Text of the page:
As part of the consultation on Developing the UK Emissions Trading Scheme (UK ETS), the UK Government is consulting on how solid and gaseous biomass is treated under the UK ETS, in cases where it is combusted as a fuel by energy intensive industries and power generation sectors in scope of the ETS. The consultation does not extend to biofuels for transport.
The combustion of solid and gaseous biomass is currently entirely zero-rated in the UK ETS, meaning any installation burning biomass has not needed to surrender allowances for the proportion of its emissions accounted for by that solid or gaseous biomass. Solid biomass includes forestry by-products, sawmill residues, waste wood or energy crops that can be used for solid biomass production. Gaseous biomass is produced by anaerobic digestion (AD) and can be further processed into biomethane.
The combustion of liquid biomass (or bioliquids) such as waste fats, oils, grease that can be used for liquid biomass production is zero rated in the UK ETS only if certain sustainability criteria are met.
The UK ETS also currently only covers activities involving combustion of fuels in installations operating above the 20MWth threshold.
For Hospital and Small Emitters (HSEs), an emissions factor of zero is applied to all biomass, including liquid biomass. Emissions from biomass are also not included when calculating an emissions target and when determining whether an installation’s reportable emissions exceed the emissions target. These exclusions apply regardless of the sustainability of the biomass.
The case for change
Emissions from solid and gaseous biomass are currently zero rated in the UK ETS because the UK mirrored the approach in Phase III of the EU ETS when designing the UK ETS. There is now the opportunity to align the treatment of biomass in installations with other UK policies. Sustainability criteria are currently applied to solid, liquid, and gaseous biomass in other UK policies, such as in the Renewables Obligation, Contracts for Difference, and Non-Domestic Renewable Heat Incentive schemes. These criteria are some of the most stringent sustainability criteria globally and cover solid, liquid, and gaseous biomass.
The consultation is proposing to:
- apply sustainability criteria to solid, liquid and gaseous biomass for all installations, using a set of criteria mirroring one of the UK policies which already applies these standards, ensuring a more consistent approach to biomass between the UK ETS and the relevant biomass policies in each sector. They are seeking views on which set of criteria to apply, as different criteria are applied in different policy areas.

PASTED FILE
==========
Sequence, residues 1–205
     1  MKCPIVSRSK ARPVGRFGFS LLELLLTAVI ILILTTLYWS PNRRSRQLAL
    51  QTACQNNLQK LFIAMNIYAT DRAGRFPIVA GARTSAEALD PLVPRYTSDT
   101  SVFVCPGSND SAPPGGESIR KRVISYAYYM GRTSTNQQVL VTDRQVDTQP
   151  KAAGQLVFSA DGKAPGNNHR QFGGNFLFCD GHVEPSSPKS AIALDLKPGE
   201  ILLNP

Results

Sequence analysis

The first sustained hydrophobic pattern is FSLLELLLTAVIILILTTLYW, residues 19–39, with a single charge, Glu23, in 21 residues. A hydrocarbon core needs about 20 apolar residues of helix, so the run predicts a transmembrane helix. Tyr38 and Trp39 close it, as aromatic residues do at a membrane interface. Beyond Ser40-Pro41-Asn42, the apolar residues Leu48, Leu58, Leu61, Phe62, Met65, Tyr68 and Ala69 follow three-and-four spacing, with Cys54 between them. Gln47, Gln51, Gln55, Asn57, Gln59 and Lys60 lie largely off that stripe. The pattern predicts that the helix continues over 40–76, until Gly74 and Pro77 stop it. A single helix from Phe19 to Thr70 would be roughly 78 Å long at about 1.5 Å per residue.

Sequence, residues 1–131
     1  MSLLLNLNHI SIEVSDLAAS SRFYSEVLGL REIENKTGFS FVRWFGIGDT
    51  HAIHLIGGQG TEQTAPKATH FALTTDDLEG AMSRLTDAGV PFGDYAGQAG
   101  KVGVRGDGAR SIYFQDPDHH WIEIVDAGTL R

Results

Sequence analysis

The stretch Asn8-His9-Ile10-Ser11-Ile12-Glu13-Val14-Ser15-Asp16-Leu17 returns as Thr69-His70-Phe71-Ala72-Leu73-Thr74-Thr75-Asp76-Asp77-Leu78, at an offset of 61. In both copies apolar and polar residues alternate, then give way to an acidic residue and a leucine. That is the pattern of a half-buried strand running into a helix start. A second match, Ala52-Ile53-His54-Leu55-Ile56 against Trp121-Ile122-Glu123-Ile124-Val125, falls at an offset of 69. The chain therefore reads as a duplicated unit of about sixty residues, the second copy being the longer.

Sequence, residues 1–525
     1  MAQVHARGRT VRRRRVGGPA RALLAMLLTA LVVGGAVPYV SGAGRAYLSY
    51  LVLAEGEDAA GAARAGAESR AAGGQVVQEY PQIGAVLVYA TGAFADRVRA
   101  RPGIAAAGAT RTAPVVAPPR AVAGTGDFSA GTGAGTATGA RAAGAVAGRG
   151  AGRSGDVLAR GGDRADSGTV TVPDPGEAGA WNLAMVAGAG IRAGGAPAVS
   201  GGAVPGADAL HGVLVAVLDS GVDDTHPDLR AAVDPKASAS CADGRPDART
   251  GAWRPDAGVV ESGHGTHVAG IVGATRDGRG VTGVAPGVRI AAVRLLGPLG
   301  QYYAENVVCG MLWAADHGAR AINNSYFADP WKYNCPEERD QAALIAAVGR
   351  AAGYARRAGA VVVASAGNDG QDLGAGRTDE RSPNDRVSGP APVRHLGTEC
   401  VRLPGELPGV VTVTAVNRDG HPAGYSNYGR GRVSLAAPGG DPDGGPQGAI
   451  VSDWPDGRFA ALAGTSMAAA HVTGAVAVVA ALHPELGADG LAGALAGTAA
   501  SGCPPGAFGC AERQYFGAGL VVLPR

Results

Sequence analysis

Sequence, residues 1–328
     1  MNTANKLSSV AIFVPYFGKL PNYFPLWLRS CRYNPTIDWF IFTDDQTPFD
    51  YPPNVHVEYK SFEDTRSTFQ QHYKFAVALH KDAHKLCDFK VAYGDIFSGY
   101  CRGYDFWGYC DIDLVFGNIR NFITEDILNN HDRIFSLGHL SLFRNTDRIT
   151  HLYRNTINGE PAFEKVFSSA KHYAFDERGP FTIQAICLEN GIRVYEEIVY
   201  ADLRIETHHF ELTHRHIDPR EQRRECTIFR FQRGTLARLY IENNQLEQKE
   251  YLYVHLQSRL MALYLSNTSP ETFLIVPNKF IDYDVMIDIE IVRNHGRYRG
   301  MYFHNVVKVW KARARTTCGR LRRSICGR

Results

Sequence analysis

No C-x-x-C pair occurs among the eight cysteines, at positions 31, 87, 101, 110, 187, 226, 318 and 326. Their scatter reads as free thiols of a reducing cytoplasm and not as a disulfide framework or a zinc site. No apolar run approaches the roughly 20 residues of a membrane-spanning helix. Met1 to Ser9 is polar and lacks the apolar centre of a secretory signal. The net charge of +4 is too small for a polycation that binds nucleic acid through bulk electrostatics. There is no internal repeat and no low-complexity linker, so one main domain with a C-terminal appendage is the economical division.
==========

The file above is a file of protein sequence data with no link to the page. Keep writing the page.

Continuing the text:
- require that installations and combustion units which generate energy (power, heat, etc.) solely through biomass combustion exclusively burn biomass which adheres to the relevant sustainability criteria if they want to be exempt from the UK ETS. Otherwise there would be an asymmetry between policy applied to biomass-only installations and installations which separately burn both biomass and fossil fuels.
- require the sustainability criteria to be applicable to HSEs for the purpose of (a) assessing eligibility to be a HSE in the second allocation period, (b) calculating of emissions targets and (c) determining whether an installation’s reportable emissions exceed the emissions targets. An emissions factor of zero would also only apply to biomass that meets the sustainability criteria. This change would come into effect from the start of the second allocation period.
Who the changes will affect
This will affect energy intensive industries and power generators that burn solid and gaseous biomass. If the proposals are implemented, they will have to surrender allowances for their emissions under the UK ETS, unless the biomass meets the sustainability criteria.
Producers of gaseous biomass (i.e. AD plants) that supply it direct to combustion plants will have to prove that it meets the sustainability criteria, otherwise those combustion plants will be subject to the UK ETS. If the AD plants are supplying gas to the grid and entering into gas purchase agreements with gas offtakers, the offtakers may start to impose sustainability criteria in the contracts, as their ultimate customers (AD combustion plants) will need to prove that the gas they are burning was generated sustainably.
In practice, this should not cause too much of an issue as most AD plants rely on some kind of government support such as the Non-Domestic RHI or its replacement the Green Gas Support Scheme, which impose sustainability criteria. As long as the UK ETS sustainability criteria mirror these, there should not be much extra compliance involved. We will have to see what the outcome of the consultation is on this.
There will be more of a burden on HSEs as they will have to prove the sustainability of the biomass they are using. HSEs should start to think about varying their biomass contracts to take account of this.